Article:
Returning home with the baby a few days later, her phone rang again. It was Bales; he was in Dallas and would be home soon. “We would be a family,” she wrote.
The next month, in January 2007, Bales and his unit fought in the Battle of Najaf near the Euphrates River. They found villagers and family members of Iraqi fighters in the aftermath of the battle, also known as the Battle of Zarqa, which left 250 insurgents dead, according to a 2009 report by the Northwest Guardian, the military-authorized newspaper at his base.
They piled the injured on litters. Some had lost limbs or eyes, according to the report.
“We’d go in, find some people that we could help, because there were a bunch of dead people we couldn’t, throw them on a litter and bring them out to the casualty collection point,” Bales was quoted as saying.
His second deployment ended in September 2007. A year later, Bales was charged in the municipal court of a town near his home after a single-vehicle rollover that damaged property, AP reported. He told police he fell asleep at the wheel and paid a fine to get the charges dismissed, AP said.
Bales’s wife wrote of decorating Easter eggs, swimming at a local pool and trying to keep up with dishes and laundry. “Quincy is a much better egg hunter than last year, which was really fun to witness and enjoy with Bob,” she wrote.
In August 2009, Bales left for Iraq for a third time. “I had bad dreams and a pit in my tummy from missing Bob,” Karilyn wrote. “Thankfully I got a text message from Bob at 2pm, he was on the plane to Maine.”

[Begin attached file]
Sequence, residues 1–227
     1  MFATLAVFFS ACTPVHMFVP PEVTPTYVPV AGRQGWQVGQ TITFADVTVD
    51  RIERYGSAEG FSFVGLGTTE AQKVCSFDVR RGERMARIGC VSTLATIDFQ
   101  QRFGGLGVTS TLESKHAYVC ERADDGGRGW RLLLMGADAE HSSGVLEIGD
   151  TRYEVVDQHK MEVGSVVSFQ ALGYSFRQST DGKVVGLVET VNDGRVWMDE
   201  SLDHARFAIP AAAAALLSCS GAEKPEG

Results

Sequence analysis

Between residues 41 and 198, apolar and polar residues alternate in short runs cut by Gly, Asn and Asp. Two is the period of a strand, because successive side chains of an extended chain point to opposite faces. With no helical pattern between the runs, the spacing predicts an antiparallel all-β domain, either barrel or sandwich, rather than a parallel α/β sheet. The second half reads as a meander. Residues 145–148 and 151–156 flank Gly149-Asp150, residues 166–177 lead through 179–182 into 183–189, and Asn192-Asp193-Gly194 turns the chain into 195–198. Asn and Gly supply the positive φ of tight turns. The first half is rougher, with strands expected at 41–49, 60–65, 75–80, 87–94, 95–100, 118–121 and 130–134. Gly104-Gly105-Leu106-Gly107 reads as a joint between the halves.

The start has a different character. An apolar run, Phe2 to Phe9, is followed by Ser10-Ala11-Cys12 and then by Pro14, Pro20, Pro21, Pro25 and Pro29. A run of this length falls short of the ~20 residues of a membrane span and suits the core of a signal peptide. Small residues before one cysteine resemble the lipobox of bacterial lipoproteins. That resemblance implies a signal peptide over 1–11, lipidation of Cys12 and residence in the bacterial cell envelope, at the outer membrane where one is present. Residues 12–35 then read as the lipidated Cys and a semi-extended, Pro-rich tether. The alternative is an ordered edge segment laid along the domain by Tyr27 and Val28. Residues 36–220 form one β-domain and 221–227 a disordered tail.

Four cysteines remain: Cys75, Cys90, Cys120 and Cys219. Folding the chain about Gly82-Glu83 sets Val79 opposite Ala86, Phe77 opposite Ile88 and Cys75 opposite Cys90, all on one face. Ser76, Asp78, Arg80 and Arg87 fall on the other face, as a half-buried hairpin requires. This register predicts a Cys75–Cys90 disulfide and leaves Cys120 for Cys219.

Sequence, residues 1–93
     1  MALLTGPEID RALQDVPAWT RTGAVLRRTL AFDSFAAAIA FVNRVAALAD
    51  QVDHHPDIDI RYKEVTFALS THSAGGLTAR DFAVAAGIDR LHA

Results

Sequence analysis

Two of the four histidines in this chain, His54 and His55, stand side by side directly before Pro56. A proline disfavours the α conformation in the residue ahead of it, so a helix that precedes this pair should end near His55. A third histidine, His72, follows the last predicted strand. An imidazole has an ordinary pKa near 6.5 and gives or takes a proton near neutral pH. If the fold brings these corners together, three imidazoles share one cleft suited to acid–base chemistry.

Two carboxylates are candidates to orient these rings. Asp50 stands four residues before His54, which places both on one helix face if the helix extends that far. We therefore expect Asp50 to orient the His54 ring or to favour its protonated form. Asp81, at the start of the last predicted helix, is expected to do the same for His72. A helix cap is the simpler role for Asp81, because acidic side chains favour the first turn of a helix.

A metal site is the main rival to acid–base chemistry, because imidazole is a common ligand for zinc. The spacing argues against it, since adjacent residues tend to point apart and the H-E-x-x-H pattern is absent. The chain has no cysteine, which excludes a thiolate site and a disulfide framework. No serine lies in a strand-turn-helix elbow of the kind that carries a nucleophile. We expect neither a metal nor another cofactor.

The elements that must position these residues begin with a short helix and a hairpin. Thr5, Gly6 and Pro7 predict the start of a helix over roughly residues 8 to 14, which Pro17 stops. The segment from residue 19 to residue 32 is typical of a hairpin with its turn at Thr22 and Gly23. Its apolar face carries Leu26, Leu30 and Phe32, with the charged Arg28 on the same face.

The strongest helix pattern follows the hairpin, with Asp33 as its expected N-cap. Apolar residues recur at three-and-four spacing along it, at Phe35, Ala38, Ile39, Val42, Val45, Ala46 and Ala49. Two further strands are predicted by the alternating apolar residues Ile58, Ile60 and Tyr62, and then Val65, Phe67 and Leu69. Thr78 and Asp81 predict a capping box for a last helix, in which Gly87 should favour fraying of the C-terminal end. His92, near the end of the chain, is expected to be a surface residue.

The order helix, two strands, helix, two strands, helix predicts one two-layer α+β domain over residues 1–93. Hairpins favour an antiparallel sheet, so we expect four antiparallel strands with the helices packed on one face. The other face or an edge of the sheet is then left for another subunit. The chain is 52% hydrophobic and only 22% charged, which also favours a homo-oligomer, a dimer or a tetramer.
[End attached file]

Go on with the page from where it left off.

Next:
Two months later, the couple’s Auburn house was scheduled to be auctioned at the entrance to the King County Administration Building.
The Baleses owed $15,644.19 on the house plus $1,333.46 in trustee’s fees, according to the auction notice. The auction subsequently was canceled without explanation. A Bank of America Corp. filing in King County in August 2011 said the couple was $16,978 in arrears on the rental property.
‘Do Not Occupy’
The home, visited yesterday, is a discolored light blue. Tire rims, an oil pan and part of a drivetrain rust outside in the driveway. A “Do Not Occupy” sign from the Auburn building department is displayed on the door, along with other signs in the window warning against unauthorized entry.
The homeowners association president, Bob Baggett, said the couple had lapsed on making $120 annual maintenance dues payments for at least two years.
“I suspect they fell on hard times financially,” Baggett said. “It could have been a matter of priorities.”